I have been thinking a lot about why people do things lately. I have been reading Into Thin Air by Jon Krakauer. It is about a expedition to the top of Mt. Everest in 1996 that went very badly. He recounts how he and 29 others made a summit attempt and got caught in a fierce storm with hurricane speed winds, in 100 degree below zero temperatures. There were many fatalities, and even more lives changed. Now, anyone you ask could tell you that there is an inherent risk to climbing the highest mountain on earth. So why did these people climb, knowing that they may never leave the mountain?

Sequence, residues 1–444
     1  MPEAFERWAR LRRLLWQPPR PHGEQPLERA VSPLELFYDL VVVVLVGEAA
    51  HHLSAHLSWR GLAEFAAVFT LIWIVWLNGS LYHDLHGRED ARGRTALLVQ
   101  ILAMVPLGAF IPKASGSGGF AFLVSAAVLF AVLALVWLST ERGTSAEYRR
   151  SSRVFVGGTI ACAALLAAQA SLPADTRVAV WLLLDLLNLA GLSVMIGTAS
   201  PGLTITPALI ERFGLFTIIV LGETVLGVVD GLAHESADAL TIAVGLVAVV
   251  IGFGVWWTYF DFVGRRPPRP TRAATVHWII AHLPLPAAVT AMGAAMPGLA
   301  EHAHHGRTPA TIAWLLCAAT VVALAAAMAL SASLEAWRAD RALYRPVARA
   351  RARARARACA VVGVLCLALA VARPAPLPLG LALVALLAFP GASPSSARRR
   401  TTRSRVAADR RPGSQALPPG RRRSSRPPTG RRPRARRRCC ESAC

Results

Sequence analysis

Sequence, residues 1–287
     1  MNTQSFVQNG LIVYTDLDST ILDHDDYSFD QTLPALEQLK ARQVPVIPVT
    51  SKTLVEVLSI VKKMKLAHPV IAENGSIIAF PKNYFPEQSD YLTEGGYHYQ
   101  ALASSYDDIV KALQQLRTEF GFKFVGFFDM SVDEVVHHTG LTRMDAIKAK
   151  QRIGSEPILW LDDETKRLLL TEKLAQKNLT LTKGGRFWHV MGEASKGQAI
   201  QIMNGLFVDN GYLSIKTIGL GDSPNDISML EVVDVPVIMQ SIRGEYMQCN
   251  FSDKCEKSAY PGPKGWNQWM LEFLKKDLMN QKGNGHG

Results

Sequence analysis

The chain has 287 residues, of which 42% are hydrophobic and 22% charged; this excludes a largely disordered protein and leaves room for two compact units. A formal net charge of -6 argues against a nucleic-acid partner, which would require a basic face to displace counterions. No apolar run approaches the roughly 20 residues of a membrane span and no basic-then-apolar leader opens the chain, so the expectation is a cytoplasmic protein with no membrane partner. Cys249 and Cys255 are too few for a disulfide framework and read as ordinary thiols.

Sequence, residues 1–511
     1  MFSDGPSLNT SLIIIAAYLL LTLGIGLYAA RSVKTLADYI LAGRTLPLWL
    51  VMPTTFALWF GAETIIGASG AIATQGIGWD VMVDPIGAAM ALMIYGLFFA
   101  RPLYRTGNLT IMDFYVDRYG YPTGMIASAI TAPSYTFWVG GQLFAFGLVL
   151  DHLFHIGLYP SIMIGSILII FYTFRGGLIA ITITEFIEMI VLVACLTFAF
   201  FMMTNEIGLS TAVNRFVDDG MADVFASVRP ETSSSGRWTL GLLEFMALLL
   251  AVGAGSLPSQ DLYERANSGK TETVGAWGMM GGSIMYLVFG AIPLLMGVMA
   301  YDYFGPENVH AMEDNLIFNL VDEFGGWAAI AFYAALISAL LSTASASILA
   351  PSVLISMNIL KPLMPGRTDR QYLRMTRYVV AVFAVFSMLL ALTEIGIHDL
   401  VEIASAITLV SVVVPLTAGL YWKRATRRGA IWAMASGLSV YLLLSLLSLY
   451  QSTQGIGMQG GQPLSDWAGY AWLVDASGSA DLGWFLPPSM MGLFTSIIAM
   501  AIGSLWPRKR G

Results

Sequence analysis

I suppose the answer to many of these questions is the feeling you get from accomplishing something. These moments can come at differing degrees of intensity. In fact, I got it today as I finished putting together the new desk for my office (It was hard, alright!). I can only imagine the feeling you would get knowing that you are the best in the world at something. After thinking this for a moment though, I realize once again that it is just a stupid sport.

In conclusion, I believe that in order to truly enjoy the Olympics in 2012, I will need to be competing in them. Otherwise, I believe I will get a more genuine feeling of accomplishment by putting together more desks

…unless that is an Olympic event by then.

Leave a comment

Filed under Books, Rant